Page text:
NASA astronomers capture images of galaxies and black holes en route to collision
Scientists have obtained images of black holes that are on the trajectory of the merger. This is reported by the Chandra X-ray Astronomical Center.
Both of these pairs of black holes are located in the center of dwarf galaxies. Black holes themselves cannot be seen, but due to powerful gravity, they attract a large amount of gas to themselves and heat it up, as a result of which it becomes noticeable in many ranges. The material surrounding black holes can heat up to millions of degrees, producing X-rays, which is why the Chandra X-ray orbital observatory was called in to observe. Eventually, a likely collision will cause both black holes and galaxies to merge.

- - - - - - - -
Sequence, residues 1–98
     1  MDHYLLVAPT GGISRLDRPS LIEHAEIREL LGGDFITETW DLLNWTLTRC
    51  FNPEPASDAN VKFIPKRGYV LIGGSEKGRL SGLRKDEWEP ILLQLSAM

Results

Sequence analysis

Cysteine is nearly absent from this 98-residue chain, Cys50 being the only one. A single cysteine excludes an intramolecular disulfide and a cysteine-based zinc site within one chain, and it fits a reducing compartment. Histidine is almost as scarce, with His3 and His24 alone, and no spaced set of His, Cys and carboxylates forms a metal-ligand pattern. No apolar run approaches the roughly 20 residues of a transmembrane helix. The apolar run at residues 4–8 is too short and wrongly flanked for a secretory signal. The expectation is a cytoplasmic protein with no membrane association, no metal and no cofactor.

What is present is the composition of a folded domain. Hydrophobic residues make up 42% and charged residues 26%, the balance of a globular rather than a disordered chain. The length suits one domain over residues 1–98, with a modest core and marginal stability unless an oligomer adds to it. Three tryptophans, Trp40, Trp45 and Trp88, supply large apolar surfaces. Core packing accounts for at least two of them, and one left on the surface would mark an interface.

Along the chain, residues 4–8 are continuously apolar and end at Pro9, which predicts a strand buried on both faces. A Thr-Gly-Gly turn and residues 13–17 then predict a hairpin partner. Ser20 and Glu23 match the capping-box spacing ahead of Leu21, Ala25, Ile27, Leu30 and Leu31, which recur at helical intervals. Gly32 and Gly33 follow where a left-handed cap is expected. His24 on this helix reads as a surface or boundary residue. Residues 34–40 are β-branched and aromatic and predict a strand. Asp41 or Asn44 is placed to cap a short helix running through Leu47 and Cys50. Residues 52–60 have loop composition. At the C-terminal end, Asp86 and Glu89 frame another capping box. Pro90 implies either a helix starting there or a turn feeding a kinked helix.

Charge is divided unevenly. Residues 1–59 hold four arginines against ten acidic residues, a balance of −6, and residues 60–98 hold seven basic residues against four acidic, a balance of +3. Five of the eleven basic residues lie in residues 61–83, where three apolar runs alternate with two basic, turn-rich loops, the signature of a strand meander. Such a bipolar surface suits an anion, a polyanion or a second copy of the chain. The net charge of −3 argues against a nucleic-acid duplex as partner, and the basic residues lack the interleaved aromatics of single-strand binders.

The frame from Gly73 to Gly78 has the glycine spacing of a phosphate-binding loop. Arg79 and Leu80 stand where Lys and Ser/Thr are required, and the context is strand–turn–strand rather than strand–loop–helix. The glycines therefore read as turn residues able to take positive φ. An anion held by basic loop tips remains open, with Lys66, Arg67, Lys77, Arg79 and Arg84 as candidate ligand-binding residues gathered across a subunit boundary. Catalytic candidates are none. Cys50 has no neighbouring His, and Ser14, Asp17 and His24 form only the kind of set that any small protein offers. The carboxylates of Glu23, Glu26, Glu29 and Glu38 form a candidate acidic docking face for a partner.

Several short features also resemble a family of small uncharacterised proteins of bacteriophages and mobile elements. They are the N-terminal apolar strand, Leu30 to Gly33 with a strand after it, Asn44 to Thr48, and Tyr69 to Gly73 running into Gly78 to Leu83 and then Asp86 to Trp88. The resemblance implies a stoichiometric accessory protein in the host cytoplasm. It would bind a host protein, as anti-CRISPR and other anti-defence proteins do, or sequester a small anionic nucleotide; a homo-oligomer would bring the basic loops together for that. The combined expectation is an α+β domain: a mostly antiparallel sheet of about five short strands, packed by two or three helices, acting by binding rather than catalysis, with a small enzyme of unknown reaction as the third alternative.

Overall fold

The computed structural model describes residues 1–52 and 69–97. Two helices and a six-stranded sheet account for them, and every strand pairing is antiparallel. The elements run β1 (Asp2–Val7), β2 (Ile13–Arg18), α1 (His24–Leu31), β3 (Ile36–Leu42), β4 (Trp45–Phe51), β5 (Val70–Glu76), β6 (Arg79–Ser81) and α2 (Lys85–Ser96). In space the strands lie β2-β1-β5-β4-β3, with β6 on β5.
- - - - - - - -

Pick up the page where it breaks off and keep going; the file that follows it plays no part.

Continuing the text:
The first of these pairs is located in the Abell 133 galaxy cluster, located 760 million light-years from Earth. The other is in the Abell1758S galaxy cluster, 3.2 billion light-years away. Both pairs are typical examples of galaxies in collision. The pair in Abell 133 appears to be in the late stages of merging and has a long tail created by tidal effects. The study authors named the pair “Mirabilis” after an endangered species of hummingbird known for its exceptionally long tails. Both galaxies have received the same name because the merger between them is almost complete.
The researchers named the galaxies of the Abell 1758S cluster “Elstir” and “Wintey” in honor of the heroes of Marcel Proust ‘s In Search of Lost Time . The researchers believe that these two galaxies were discovered in the early stages of a merger, resulting in a bridge of stars and gas connecting them.
The authors hope that such studies will shed light on the past of the Milky Way. It is believed that modern galaxies were formed by the merger of several dwarf ones.